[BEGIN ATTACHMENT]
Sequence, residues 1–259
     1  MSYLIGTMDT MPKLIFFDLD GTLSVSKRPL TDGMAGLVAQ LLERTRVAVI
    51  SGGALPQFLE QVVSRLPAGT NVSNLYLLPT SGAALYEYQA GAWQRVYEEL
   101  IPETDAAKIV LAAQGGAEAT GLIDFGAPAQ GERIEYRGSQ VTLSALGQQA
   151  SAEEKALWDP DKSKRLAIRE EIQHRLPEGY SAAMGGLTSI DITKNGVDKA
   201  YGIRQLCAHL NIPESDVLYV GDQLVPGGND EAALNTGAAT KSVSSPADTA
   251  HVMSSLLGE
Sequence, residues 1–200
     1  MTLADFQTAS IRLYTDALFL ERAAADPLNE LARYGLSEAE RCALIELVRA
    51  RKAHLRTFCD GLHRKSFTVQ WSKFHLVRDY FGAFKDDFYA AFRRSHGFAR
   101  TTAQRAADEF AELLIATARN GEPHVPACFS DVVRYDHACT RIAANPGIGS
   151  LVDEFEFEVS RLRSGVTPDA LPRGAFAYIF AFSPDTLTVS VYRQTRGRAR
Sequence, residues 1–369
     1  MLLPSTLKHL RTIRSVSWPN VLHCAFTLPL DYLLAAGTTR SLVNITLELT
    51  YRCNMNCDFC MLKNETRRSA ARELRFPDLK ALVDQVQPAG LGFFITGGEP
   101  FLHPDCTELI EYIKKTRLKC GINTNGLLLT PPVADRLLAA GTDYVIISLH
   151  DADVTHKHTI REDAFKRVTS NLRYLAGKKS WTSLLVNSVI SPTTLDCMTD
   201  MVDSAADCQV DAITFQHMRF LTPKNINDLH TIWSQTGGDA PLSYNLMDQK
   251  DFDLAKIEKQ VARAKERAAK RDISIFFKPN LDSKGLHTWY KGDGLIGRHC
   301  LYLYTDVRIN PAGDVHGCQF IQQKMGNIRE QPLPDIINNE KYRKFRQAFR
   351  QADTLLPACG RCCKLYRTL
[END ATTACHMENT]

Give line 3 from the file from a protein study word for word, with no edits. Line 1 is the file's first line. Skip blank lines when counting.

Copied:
    51  SGGALPQFLE QVVSRLPAGT NVSNLYLLPT SGAALYEYQA GAWQRVYEEL